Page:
BSRE pushes Marines to the limit
Marines.mil | Mar 27 2013
MARINE CORPS AIR STATION NEW RIVER, N.C. (March 15, 2013) - Of the many pressures in life, there is one that Marines face on a daily basis. The pressure to perform, or to execute a plan exactly as specified is a prospect that most Marines use to drive them toward success.
Marine Combat Training is no exception when it comes to pushing Marines to their limits.
During MCT, Marines spend 29 training days learning valuable combat skills including the care, assembly and proper firing techniques of several weapons systems, constructing of fighting positions, and hikes with weighted packs to promote physical fitness.
The Battle Skills Readiness Exercise is a three-day training exercise that allows junior Marines going through MCT to apply the skills they learned during the training cycle.
"The BSRE has been physically challenging," said Pvt Dylan Donze during the BSRE for Company K, School of Infantry East. "We went out on a patrol and it was exciting to apply the skills we learned during training in a (simulated) combat environment."
During the BSRE, the Marines are required to dig fighting positions, conduct patrols, engage simulated enemy targets, and provide security for the camp.
Although simulated, the Marines receive a small insight into the world they may soon be living in once they reach the operating forces.
One huge factor in the successful simulation of combat is the combat instructor. These Marines operate with a squad leader mentality, providing a warrior-leader role for the students to emulate.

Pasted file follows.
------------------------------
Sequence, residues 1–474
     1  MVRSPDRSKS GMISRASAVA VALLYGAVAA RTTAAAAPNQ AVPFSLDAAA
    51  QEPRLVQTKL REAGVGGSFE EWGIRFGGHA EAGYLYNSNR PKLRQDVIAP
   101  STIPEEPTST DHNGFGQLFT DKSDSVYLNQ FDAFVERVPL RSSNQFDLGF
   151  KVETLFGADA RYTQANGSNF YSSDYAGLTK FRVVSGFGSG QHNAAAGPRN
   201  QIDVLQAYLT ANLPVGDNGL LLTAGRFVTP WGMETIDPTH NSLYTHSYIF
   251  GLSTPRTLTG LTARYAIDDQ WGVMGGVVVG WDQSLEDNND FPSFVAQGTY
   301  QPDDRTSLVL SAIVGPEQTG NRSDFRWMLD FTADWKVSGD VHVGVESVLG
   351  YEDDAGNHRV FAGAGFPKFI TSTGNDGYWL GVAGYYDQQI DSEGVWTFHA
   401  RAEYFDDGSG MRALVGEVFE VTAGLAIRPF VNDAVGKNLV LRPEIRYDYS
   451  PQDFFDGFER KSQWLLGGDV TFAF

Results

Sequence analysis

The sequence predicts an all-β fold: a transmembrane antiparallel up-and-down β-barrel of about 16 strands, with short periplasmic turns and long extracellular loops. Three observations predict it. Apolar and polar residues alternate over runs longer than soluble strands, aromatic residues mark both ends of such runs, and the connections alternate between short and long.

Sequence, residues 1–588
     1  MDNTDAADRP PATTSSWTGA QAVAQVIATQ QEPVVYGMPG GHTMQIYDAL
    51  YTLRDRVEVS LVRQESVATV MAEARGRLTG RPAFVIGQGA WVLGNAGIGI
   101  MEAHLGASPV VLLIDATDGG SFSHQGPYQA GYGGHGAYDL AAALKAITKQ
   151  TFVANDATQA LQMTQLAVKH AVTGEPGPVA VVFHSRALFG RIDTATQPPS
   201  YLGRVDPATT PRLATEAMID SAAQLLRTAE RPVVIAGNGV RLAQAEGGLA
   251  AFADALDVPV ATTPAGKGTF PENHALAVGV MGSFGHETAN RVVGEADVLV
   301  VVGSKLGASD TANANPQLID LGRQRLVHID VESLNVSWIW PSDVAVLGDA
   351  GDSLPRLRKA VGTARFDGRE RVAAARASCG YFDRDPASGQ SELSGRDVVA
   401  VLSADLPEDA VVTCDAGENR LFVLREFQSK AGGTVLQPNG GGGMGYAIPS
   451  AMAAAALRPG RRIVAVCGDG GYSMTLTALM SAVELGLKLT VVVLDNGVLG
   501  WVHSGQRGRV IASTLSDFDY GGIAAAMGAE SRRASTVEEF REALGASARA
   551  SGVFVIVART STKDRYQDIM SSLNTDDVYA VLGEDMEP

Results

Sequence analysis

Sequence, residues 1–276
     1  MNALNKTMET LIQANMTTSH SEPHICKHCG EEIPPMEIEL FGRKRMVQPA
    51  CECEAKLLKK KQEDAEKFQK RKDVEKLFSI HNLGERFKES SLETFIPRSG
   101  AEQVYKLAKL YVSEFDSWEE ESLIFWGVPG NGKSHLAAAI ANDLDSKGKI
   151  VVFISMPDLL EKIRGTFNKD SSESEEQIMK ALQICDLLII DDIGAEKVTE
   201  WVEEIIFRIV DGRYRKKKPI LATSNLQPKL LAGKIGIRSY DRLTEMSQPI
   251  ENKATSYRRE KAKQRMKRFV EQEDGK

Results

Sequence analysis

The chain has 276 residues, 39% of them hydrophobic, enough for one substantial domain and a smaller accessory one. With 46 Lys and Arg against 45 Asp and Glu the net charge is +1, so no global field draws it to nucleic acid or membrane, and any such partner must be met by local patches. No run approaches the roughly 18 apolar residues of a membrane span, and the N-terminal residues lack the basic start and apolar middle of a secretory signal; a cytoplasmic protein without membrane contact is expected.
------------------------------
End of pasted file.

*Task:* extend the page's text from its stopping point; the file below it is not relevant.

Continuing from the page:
"We get out there and do the exact same things they are," said SSgt Joshua Newman, combat instructor for Co. K.
"We get right down there with them so they know what they need to be working toward," he said.
The way the Marine Corps operates, a Marine may deploy anywhere in the world at any time. MCT Marines might deploy right out of their military occupational specialty schools. The BSRE allows for them to gain some experience so they have a basic understanding of combat operations.
"My role during the BSRE is pretty rewarding," said Newman. "When the Marines perform to the best of their abilities and need little to no guidance, then I know the training they received during MCT was complementary to the higher standard that combat instructors hold themselves to."
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